Science is amazing. It is responsible for so many inventions that improve our lives on a daily basis. Soft contact lenses are one of those improvements and have progressed a long way over the past century. Phoenix eye doctors prescribe them routinely, and many people have benefited from their use over the years. Here’s how they are made.

Originally constructed from glass, contacts are now made of plastic polymers and “hydrogels” that are comfortable, convenient, and healthy. Phoenix eye doctors can prescribe a wide array of lens brands and models with different features. There are two main ways that soft lenses are made, both of which involve automated machinery and robotics in very advanced techniques.

Lathe Cutting

One way that soft contact lenses are made is by individual shaping and cutting the lens material on a lathe. The material is left in its hardened form without hydration, and then a disk of the material is placed via robotic arms onto the lathe. A computer program tells the lathe exactly what shape and size the finished product needs to be, and the machine goes to work, whittling away the material that isn’t needed. The result? A perfect contact lens, manufactured in the exact size, shape, and prescription required. The whole process may take just minutes. After the lens is formed, it is then soaked and hydrated, and tested thoroughly.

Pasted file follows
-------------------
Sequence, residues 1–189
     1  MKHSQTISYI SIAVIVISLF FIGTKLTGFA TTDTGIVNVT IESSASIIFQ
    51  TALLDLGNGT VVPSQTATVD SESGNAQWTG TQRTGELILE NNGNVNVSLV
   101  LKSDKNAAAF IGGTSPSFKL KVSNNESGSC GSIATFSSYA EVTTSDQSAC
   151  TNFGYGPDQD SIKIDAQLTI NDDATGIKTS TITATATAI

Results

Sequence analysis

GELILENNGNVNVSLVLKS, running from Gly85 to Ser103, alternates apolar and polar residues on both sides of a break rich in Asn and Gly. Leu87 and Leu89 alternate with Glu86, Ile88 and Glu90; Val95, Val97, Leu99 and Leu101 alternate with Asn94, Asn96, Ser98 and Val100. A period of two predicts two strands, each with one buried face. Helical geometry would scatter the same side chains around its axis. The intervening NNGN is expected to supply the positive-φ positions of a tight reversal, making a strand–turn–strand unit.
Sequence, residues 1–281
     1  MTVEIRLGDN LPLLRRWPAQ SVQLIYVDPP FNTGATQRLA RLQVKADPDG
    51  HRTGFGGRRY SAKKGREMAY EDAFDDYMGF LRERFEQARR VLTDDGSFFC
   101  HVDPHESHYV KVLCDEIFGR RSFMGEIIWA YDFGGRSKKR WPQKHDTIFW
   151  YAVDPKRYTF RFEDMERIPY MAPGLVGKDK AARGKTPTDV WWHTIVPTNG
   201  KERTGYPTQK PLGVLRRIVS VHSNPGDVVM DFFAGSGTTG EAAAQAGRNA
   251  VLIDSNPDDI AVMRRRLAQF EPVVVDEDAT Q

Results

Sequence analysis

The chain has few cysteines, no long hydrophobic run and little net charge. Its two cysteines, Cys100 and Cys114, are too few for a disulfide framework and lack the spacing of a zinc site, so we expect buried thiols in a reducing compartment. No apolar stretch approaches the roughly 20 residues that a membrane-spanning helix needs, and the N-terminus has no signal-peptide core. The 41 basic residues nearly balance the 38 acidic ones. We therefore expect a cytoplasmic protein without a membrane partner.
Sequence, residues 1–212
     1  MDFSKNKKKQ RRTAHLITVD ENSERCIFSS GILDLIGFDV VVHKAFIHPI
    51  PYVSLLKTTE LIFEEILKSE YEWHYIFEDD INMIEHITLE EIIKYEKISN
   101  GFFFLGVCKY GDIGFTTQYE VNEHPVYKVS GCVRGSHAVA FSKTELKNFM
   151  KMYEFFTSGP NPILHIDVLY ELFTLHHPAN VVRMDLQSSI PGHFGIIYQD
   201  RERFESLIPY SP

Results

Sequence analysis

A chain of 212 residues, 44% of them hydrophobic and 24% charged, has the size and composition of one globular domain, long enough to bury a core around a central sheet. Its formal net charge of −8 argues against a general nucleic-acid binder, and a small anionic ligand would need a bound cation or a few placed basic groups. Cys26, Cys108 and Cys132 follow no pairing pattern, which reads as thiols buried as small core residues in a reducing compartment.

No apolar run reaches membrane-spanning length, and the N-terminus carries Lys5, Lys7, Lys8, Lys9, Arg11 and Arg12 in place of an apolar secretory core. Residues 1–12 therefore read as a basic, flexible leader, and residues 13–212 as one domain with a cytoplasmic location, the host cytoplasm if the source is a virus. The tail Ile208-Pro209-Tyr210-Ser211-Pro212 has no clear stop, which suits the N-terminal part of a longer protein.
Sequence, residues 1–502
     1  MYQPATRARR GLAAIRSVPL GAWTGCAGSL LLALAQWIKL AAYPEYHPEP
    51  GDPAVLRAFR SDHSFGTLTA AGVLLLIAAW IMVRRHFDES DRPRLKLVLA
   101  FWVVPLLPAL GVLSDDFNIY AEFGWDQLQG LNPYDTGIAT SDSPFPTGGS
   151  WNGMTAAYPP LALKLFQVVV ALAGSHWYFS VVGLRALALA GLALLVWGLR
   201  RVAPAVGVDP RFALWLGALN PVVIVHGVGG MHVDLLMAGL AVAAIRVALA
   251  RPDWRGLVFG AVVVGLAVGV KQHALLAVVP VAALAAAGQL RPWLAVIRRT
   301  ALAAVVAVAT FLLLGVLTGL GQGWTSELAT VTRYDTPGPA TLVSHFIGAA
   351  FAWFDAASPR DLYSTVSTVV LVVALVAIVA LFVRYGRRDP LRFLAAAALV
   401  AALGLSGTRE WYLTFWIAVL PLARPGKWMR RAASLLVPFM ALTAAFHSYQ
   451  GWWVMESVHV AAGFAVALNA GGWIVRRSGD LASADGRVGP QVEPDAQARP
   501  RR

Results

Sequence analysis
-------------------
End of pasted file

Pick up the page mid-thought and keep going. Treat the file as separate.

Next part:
Injection Molding

Injection Molding is a manufacturing method where plastics are heated up until they are liquid. A machine then forces the liquid into many molds that are the correct shape and size. The liquid takes the shape of the mold, and then is rapidly cooled. After the contact lenses are removed from the molds, they are trimmed and polished so there are no ragged edges. They will be hydrated and put through a rigorous testing process. Injection Molding is a very inexpensive manufacturing process and will produce thousands of contacts in seconds, making it economical, efficient, and the preferred method for the production of contact lenses.

Visit your Phoenix eye doctor to learn more about the science behind contact lenses and see if they are right for your vision needs.